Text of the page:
war crimes in Ukraine

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FSB claim that tortured Ukrainian journalist Yesypenko came to them himself


Vladislav Yesypenko in court Photo Crimean Solidarity

During the latest hearing in the internationally condemned trial in Russian-occupied Crimea of Vladislav Yesypenko, an FSB officer claimed that they released the Ukrainian freelance journalist after detaining and then questioning him, and that he appeared “voluntarily” the following day for further ‘investigative activities’.  Lawyer Dmitry Dinze notes that the officer was unable to explain how Yesypenko came to be in FSB custody and all kinds of other technical questions. 

During the hearing on 6 September, Yesypenko reiterated that he is innocent of the charges and described how the FSB, and specifically, Major Denis Korovin, planted a grenade in his car.  This was supposed to have been found lying around which is strange since it did not have Yesypenko’s fingerprints on it.  He also spoke of how they had tortured him into providing the demanded ‘confession’, by, among other things, attaching wires to his earlobes and neck and turning on an electric current.  He accuses Korovin of having taken part in the torture, and of having later made ‘visits’, aimed at putting maximum psychological pressure on him to stay with the ‘confession’ tortured out of him, and not his retraction of this.

Dinze also reported that the torture Yesypenko endured has clearly had a huge impact on his psychological state and he suffers panic attacks. He is in a depressed state, believes he is in danger because of warnings he received from the FSB of the trouble he could expect, the long sentence, etc. if he retracted his ‘confession’.  He takes the FSB’s threats seriously and does believe he is in danger.

Dinze also mentions the ‘lawyer’, Violetta Sineglazova who was foisted on Yesypenko while independent lawyers were being prevented from seeing him. Sineglazova ignored his statement that he had been tortured, and simply told him to stand by this ‘confession’.  ‘Investigator’ Vitaly Vlasov also tried to convince him to ‘confess’, saying that otherwise he would get a huge sentence.

Such methods are now being applied, including by ‘investigator’ Vlasov, in the abduction-like arrests of Deputy Chairman of the Crimean Tatar Mejlis, Nariman Dzhelyal and four other men.

Yesypenko is, on the basis of this one grenade, charged with illegal preparation and possession of a homemade explosive device.  The charges are far removed from the ‘spying’ that he ‘confessed to’ under torture. 

Yesypenko lives in mainland Ukraine with his wife and small daughter, but has contract work as a journalist for Radio Svoboda’s Crimean Service [Krym.Realii].  His arrest on 10 March was an attack both on individual journalists and on Krym.Realii, which is one of the only independent sources of information about life and repression in occupied Crimea.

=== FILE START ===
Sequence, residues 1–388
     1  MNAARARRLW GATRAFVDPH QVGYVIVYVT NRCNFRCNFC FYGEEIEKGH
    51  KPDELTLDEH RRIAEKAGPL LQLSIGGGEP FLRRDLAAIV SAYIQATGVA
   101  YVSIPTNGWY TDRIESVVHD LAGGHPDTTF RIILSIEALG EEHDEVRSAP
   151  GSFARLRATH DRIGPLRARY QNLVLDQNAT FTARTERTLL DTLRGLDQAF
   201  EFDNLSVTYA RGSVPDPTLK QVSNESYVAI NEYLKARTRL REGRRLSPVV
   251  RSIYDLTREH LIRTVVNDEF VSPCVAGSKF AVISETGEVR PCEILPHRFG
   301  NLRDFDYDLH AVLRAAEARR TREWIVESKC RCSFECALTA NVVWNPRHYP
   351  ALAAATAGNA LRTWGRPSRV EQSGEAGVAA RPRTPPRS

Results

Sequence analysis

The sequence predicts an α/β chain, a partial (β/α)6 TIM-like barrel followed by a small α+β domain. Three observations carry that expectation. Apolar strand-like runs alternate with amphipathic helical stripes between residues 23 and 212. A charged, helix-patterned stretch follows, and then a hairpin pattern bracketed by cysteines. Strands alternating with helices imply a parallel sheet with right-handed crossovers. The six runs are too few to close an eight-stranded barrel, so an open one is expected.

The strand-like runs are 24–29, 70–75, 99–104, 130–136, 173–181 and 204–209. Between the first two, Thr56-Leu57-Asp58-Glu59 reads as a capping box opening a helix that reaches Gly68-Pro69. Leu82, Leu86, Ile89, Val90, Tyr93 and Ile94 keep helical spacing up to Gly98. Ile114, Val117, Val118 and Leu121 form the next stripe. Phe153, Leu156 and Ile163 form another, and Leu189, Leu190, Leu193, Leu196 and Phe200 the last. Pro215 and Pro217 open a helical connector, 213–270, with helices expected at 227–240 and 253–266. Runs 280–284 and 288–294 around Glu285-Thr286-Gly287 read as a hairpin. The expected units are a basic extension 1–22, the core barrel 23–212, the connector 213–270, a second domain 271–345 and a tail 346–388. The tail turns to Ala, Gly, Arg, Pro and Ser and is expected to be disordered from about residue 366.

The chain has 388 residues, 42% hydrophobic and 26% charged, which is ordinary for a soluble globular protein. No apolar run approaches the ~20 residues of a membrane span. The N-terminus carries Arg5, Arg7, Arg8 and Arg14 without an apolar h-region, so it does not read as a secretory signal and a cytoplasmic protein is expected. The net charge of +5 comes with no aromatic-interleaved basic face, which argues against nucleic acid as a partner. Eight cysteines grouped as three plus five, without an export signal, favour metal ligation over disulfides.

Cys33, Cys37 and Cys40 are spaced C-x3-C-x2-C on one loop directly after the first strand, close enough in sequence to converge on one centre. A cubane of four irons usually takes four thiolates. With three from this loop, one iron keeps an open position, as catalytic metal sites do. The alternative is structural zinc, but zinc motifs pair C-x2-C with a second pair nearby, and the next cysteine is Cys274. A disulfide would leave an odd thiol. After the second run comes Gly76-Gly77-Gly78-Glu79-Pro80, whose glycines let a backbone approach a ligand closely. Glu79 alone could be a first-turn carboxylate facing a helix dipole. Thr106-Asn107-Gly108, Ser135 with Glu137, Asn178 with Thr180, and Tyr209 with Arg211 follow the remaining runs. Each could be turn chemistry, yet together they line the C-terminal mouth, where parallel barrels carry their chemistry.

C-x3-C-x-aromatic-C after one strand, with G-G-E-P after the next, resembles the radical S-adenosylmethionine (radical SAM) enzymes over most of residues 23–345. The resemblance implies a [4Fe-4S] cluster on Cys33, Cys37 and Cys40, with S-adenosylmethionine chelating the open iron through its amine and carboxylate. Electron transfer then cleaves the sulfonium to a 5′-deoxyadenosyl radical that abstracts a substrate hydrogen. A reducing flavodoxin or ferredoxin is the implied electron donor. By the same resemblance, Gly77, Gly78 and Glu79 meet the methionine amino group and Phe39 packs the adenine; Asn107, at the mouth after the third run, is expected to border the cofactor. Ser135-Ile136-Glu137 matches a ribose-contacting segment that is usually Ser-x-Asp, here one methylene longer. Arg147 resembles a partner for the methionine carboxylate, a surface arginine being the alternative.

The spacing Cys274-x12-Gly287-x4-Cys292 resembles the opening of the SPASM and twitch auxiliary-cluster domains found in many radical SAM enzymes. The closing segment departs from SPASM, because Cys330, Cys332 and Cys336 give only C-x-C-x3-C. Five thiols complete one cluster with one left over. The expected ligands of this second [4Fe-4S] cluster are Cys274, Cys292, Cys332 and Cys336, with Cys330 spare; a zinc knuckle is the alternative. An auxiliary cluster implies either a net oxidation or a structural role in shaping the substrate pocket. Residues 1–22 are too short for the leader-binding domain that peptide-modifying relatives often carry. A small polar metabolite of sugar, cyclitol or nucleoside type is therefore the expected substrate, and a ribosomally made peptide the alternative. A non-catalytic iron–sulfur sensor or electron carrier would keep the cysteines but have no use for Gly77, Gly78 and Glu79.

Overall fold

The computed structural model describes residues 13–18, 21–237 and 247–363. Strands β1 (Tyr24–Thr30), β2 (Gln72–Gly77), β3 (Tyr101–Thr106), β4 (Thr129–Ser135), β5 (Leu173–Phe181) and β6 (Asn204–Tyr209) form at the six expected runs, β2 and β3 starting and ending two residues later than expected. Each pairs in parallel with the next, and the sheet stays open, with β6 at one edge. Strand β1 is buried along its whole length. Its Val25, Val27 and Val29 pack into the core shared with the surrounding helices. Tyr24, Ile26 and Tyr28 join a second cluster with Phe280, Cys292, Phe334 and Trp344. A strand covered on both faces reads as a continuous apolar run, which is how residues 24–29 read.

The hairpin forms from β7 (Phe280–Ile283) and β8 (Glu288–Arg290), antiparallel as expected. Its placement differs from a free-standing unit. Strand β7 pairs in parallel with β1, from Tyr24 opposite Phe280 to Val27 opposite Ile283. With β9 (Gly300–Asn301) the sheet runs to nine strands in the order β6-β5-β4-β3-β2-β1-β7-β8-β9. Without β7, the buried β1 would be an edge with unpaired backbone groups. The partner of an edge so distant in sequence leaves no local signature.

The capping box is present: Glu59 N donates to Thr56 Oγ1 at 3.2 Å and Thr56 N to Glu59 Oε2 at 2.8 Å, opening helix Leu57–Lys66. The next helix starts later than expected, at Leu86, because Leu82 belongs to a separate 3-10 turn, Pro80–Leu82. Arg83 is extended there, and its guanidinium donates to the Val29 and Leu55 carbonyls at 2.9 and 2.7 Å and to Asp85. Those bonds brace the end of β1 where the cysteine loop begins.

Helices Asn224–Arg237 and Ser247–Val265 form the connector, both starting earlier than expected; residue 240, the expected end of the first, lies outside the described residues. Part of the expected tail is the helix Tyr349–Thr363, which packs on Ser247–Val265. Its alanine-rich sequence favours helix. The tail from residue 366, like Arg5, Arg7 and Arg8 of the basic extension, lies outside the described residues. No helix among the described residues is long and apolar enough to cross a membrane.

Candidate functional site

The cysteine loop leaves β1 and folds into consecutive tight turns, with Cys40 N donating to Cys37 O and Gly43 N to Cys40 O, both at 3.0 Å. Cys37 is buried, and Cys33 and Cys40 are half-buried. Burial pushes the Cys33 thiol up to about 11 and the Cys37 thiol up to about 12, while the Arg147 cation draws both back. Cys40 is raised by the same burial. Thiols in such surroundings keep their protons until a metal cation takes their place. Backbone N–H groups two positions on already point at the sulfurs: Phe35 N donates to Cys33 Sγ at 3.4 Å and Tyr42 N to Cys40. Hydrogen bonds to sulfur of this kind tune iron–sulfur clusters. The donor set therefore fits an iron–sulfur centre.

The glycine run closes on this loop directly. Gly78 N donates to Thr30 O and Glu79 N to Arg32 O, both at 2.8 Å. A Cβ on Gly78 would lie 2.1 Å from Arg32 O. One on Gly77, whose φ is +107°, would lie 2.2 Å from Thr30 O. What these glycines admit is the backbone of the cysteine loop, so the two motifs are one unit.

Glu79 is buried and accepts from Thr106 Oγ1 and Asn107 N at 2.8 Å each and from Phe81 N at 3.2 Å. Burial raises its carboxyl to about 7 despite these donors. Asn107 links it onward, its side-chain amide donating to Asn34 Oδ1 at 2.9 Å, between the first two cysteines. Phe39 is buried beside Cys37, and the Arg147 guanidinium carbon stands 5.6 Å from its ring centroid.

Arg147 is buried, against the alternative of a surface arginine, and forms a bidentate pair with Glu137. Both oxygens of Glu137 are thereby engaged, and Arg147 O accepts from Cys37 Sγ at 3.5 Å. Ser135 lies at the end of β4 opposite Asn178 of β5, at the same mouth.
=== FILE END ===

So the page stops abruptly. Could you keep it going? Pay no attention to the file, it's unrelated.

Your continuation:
The arrest came a day after he took part in laying flowers at the monument to the great Ukrainian poet Taras Shevchenko on the 2007th anniversary of his birthday. Just as in Soviet times, it has become an act of civic courage to take part in such ‘events’ which are known to be closely followed by the FSB.  

Yesypenko was stopped by traffic police on the way to Simferopol, with the FSB then turning up and forcing him to the ground before the ‘search’ which is supposed to have found a grenade. Yesypenko refused to sign the protocols of this ‘search’ and was told by an FSB officer in a balaclava that they would take him to another place where he would sign everything they told him to.

He was indeed taken to a basement, somewhere in Bakhchysarai , where he was undressed, thrown to the floor and had wires attached to his earlobes.  An electric current was then switched on, with the pain intolerable.  Yesypenko says that when, at some point, his torturers understood from the reduced intensity of his screams that he was becoming accustomed to the pain, they increased the voltage.

Between bouts of torture, they fired questions at him, demanding that he confess to working for Ukraine’s security service, etc.  If they didn’t like his answers, the torture would resume.  He was also kicked if he stopped doing the push-ups they also demanded.

At some point he signed the papers they thrust in front of him, and was also forced to take part in a farcical ‘interview-confession’, saying that he had spied for the SBU.

The initial announcement from the FSB on 16 March claimed to have “broken up spying and sabotage activities for the Ukrainian Security Service by Russian citizen Vladislav Yesypenko.”   The actual activities described in the report were those of any journalist, with Yesypenko having “taken photos and video footage of infrastructure and places where there are a lot of people in the republic of Crimea”. 

The FSB prevented him from seeing a proper lawyer for around a month, almost certainly to ensure that the torture marks were not formally recorded.  It was only during the first hearing, on 6 April, that the journalist was able to formally reject Sineglazova’s ‘services’ and state that he wished to be represented by independent lawyers.  He also described to the court the torture that he had been subjected to.

He has since also spoken of the threats he received from the FSB after that hearing.  See:  Imprisoned Ukrainian journalist told the FSB “will work him over until he croaks it”

RFE/RL President Jamie Fly immediately protested over Yesypenko’s arrest and demanded his release.  These calls were reiterated on 14 April by the European and International Federations of Journalists

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